Award Recipients in 2017
Janet Walker, a Ph.D. student at San Diego State University, will study the non-trophic effects of animals on community dynamics in California salt marshes. The central goal of this research is to address how crabs can influence community dynamics by modifying plant interactions via burrowing in coastal salt marshes. These impacts of crabs may shape the distribution and abundance of plant species and may be especially pronounced at lower latitudes where temperature-related stress is already high. The activities of such organisms may mitigate the impacts of climate change by reducing environmental stress that would otherwise change plant communities.
Samantha Apgar, a Ph.D. student at the University of Connecticut, will study extinction risk of specialist marsh birds as sea levels rise. Sea level rise is a persistent and global threat to tidal marshes. Apgar proposes a study of extinction risk due to sea level rise in three tidal marsh bird specialist species. Examining the reproductive risk of an array of different avian specialists with different anti flooding adaptations may provide a deeper understanding of the risk sea level rise poses to tidal marsh ecosystems as a whole.
Elisabeth Powell, a Master's student at Drexel University, will study the the effect of Open Marsh Water Management (OMWM) practices on the carbon balance of tidal marshes in Barnegat Bay, New Jersey. This proposed research will address an unstudied impact of OMWM ponds on carbon sequestration, a valued ecosystem function of coastal marshes. OMWM is a common mosquito control practice. Powell will measure emissions of carbon dioxide and methane from ponded areas, intact marsh, and in areas where plants have died due to disturbance to identify changes in the carbon sequestration associated with OMWM practices and then scale up these measurements with spatial analysis.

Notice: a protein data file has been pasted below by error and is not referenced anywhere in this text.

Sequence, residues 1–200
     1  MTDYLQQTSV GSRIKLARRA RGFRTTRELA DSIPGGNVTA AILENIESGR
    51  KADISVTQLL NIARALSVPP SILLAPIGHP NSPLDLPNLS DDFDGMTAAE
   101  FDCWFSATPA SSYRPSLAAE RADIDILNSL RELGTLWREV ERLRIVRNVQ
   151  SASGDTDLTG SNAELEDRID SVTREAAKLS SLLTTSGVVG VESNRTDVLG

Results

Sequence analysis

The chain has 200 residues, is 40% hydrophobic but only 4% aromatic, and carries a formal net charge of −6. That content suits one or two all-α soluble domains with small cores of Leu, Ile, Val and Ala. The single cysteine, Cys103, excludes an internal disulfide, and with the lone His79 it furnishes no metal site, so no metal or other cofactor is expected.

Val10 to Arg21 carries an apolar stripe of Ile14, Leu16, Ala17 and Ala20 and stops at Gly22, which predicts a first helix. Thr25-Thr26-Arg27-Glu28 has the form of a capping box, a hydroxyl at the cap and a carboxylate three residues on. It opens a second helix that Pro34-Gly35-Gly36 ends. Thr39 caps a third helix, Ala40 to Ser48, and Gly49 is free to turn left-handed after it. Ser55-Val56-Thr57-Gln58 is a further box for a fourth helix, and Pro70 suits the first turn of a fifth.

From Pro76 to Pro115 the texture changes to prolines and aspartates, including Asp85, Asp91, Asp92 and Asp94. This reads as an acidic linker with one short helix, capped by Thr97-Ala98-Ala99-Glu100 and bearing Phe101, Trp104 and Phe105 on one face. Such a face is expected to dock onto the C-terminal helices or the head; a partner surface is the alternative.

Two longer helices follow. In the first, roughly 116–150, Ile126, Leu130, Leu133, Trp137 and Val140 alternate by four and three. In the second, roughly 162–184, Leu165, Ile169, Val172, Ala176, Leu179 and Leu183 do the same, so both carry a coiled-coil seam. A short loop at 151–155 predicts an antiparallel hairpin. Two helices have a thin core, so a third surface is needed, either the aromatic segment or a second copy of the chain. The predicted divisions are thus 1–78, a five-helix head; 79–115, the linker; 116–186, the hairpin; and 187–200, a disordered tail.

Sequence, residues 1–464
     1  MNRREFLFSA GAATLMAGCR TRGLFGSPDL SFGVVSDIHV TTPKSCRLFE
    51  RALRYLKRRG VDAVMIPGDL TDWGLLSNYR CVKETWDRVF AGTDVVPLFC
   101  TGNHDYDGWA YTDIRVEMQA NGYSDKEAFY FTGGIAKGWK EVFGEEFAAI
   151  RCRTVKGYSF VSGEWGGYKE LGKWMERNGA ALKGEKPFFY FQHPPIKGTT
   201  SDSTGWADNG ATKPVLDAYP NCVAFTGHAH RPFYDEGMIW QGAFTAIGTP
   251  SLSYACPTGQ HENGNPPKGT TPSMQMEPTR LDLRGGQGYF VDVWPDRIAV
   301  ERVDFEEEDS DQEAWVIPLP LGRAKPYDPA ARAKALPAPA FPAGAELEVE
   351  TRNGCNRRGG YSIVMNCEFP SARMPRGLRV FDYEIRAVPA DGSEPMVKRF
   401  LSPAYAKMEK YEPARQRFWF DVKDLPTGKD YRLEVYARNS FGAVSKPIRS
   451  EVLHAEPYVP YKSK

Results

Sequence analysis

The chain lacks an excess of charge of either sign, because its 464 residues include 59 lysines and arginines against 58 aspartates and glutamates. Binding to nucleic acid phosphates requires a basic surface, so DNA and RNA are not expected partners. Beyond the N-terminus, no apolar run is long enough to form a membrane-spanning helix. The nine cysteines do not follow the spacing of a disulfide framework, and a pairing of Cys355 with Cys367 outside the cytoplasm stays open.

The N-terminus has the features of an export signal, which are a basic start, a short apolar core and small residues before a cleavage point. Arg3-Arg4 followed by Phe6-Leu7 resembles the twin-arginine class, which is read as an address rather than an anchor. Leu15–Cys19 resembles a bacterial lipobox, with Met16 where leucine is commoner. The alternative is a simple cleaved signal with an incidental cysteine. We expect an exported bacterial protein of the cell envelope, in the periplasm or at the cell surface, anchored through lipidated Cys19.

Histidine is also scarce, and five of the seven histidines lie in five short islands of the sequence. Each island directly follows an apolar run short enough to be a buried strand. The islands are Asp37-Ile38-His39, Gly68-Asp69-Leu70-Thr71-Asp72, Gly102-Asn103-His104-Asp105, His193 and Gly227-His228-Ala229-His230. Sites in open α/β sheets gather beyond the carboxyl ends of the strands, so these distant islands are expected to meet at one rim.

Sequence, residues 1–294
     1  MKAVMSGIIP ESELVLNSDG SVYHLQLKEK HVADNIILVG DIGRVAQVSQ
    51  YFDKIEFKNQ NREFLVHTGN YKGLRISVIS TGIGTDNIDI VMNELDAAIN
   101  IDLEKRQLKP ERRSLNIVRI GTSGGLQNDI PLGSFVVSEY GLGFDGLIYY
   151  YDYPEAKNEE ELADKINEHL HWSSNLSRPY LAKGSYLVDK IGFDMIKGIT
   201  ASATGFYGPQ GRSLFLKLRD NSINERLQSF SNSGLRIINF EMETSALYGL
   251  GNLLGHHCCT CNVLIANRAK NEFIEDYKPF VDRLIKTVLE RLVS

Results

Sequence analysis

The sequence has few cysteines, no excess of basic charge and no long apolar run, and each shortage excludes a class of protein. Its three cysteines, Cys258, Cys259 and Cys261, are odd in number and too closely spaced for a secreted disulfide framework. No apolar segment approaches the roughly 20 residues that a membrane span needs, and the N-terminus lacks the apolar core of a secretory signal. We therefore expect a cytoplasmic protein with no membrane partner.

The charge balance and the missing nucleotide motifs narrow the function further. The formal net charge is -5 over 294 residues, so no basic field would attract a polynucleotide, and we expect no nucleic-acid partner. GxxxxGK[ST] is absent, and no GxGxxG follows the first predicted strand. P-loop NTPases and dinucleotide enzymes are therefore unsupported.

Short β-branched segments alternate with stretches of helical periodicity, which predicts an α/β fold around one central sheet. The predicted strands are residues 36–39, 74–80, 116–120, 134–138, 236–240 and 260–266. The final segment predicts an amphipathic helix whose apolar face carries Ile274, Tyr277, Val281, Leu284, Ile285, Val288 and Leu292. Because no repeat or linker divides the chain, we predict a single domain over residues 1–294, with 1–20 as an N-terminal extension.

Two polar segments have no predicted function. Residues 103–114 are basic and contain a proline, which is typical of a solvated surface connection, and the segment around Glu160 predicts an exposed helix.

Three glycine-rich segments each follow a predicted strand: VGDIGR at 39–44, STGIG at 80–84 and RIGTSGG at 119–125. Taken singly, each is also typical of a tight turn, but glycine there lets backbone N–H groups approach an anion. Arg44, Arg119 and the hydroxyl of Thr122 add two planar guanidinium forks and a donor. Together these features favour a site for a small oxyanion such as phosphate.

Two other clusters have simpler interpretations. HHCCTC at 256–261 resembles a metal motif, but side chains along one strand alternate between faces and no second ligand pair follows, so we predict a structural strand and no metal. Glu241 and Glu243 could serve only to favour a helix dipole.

Nathan Stott, a Master's student at Bowling Green State University, will study the use of reconnected Lake Erie coastal wetlands by fishes. Stott will observe the use of reconnected coastal wetlands by native northern pike and compare spawning migration patterns with common carp to improve management of Great lakes coastal wetland. This is beneficial because many coastal wetlands are currently unavailable for use by fishes because common carp can have drastic negative effects on these systems. Allowing native fishes to utilize these habitats could be beneficial if common carp exclusion was possible.